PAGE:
RG 2004 March

From Ukcider
Jump to: navigation, search


8289401_8cd6453906_s.jpg This page is part of The Cidermaking Year by Rose Grant

March, 2004

78117315_63c3291d35_s.jpg

Oak Barrels

Any of you cider makers, within striking range of Babcarry Somerset, on the look out for barrels? Mr Beaton of Deer Park Farm, Babcarry, has a consignment of 46 gallon, oak, ex- whiskey barrels, newly arrived from Scotland. He is selling these for the remarkable price of £20 each. [Garden centres also sell these for water butts at between £50 - £70 and Vigo have them at £40.] The ones that I bought have dates on them between 1990 to 1995, so there should be plenty of life left in them. Their freshness is not in doubt. My garage smells like the distillery that they came from! Mr Beaton's phone no. is 01458 223141. I would be interested to hear views on the best way to keep these barrels until they are used for cider. I have heard that they can fall apart if allowed to dry right out. Is it best to fill them with water or just spray them periodically?

Rose


There is certainly plenty of alcohol in these barrels. I didn't think I would get fed up with the smell of whiskey, but I have! I will be glad to get them out of the garage. I have just the place for them outside, alongside the North wall of my barn.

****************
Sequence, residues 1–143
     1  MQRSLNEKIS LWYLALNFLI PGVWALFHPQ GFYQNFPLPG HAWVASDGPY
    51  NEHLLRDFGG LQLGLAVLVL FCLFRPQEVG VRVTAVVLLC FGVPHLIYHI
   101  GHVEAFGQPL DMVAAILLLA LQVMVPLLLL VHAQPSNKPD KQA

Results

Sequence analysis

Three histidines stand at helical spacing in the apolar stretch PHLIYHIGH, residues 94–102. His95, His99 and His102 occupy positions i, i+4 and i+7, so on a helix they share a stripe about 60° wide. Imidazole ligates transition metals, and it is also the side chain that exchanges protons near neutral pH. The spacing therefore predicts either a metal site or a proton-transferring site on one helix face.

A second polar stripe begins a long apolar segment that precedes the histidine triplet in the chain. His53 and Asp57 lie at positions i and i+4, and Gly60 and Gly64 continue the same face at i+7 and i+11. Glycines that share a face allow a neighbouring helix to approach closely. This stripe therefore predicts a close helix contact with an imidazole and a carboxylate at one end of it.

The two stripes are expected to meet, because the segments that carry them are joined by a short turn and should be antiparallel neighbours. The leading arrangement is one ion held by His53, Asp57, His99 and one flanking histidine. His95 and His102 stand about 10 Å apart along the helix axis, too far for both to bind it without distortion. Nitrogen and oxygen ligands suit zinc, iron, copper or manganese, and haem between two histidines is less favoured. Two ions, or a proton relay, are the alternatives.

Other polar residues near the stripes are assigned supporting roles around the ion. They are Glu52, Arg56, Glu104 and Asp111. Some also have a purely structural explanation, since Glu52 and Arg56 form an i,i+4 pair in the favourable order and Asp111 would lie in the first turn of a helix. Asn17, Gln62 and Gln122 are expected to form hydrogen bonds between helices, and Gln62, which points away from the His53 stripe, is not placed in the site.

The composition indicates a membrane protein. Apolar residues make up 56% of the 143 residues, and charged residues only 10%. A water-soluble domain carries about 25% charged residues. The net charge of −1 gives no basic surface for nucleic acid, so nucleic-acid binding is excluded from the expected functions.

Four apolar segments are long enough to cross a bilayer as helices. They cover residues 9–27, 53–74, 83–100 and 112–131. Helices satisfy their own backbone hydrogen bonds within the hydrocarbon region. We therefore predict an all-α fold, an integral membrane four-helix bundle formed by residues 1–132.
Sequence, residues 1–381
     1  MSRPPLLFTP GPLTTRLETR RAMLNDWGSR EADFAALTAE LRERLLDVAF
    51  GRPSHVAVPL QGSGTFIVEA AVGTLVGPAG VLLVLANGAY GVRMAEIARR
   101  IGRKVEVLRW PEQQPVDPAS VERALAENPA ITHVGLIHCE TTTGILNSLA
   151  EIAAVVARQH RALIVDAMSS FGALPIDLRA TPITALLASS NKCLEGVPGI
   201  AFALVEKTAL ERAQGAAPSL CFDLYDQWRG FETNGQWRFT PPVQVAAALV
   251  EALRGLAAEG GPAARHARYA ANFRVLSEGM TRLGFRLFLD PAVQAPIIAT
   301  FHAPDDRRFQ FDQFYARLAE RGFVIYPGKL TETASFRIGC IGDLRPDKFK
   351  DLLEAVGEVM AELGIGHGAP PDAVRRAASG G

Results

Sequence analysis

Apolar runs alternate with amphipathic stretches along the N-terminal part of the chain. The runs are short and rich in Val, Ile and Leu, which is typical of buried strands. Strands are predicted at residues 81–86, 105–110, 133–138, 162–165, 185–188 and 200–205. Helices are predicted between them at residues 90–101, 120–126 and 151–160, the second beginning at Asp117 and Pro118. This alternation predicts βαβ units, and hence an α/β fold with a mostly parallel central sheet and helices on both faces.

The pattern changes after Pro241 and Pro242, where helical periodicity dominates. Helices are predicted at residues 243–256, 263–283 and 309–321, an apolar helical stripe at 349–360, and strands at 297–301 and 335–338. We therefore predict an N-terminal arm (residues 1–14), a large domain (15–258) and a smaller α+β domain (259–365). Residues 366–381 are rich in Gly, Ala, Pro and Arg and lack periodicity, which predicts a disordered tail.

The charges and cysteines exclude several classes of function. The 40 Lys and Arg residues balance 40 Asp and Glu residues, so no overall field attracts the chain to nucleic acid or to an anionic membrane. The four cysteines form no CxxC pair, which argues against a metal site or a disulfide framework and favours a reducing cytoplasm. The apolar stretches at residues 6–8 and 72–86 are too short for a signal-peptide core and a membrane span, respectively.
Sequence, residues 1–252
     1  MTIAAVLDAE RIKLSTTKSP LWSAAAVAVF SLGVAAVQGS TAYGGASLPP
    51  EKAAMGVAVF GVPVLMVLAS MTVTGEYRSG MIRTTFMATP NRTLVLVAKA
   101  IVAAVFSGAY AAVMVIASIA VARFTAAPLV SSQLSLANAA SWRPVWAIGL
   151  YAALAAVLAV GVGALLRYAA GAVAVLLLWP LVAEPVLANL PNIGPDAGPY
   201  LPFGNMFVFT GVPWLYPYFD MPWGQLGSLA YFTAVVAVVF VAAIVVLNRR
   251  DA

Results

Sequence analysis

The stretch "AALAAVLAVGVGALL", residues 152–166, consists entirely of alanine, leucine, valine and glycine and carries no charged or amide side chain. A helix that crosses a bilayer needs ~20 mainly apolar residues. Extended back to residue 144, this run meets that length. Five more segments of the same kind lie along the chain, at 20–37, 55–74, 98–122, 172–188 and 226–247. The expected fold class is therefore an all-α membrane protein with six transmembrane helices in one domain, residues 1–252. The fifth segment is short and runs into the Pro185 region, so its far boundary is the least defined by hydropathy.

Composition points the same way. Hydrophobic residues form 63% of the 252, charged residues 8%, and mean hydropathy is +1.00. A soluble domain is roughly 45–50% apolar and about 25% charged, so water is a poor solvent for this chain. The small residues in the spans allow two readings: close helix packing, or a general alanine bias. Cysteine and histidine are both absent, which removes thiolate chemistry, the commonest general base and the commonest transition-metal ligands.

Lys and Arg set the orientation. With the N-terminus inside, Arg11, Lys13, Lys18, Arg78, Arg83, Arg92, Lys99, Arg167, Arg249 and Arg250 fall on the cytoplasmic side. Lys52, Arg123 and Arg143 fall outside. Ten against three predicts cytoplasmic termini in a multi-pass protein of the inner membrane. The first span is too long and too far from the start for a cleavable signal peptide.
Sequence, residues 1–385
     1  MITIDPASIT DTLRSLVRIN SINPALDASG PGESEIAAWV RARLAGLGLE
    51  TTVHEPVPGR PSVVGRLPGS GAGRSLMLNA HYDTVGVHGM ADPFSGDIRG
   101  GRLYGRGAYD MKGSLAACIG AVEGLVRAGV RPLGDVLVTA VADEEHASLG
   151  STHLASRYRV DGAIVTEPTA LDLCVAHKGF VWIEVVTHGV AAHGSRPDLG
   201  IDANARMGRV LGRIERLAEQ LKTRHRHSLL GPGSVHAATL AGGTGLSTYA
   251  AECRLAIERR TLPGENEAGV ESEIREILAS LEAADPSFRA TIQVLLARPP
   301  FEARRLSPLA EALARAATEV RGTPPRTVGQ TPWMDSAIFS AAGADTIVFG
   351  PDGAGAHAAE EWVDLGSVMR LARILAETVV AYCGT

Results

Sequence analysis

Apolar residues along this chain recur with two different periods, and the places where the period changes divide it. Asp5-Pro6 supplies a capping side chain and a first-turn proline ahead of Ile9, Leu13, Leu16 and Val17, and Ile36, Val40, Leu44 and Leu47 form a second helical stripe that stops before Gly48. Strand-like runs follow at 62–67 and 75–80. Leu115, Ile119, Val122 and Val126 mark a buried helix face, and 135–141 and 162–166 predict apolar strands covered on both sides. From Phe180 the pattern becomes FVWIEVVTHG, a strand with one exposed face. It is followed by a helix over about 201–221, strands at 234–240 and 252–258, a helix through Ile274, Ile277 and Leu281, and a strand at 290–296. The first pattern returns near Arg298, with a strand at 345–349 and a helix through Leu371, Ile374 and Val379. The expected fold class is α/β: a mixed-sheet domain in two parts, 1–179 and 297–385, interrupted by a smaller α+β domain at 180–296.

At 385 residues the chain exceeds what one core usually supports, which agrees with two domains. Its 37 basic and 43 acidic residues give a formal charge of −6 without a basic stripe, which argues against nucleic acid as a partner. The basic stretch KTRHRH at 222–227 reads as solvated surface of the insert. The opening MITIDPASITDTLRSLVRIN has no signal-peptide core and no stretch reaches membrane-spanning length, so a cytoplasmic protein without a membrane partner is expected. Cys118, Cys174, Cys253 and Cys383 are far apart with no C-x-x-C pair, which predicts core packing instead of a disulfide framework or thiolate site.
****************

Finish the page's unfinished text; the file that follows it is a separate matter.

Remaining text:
Rose


Welcoming a new member

Welcome to Craft Cider Making! I can tell from your description that you have definitely caught the bug and the fascination of it all. The point when you really get hooked comes when you taste and enjoy what you have made yourself. The satisfaction is immense and just leads you on to make more and experiment with different varieties and blends. I never thought that cider could be made with eating apples until I tried Ashmeads Kernel as a single variety.It is great and I do some on its own every year now. Good luck with the Coxs. I tried a bottle of Thatcher's single variety Cox and found it tasty and enjoyable. the only thing I did not like was that they had made it very gassy.

Cheers, Rose.

Sheppy's single varieties are outstanding. After trying a dozen bottles from their web site, I was so impressed that I ordered three more Dabinett trees and introduced a further three of Tremlett's Bitter, to my orchard. I especially liked the Dabinett, it had a full fruity, rich flavour. I had not made Dabinett as a single variety before, so I decided to give it a go last Autumn.It looks and tastes promising. Interesting to hear that Waitrose sell the Sheppys. Our nearest supermarket is Tescos and they only sometimes have Thatchers, which are not as good. I will have to have a look in Waitrose in Dorchester next time I'm there.

Rose.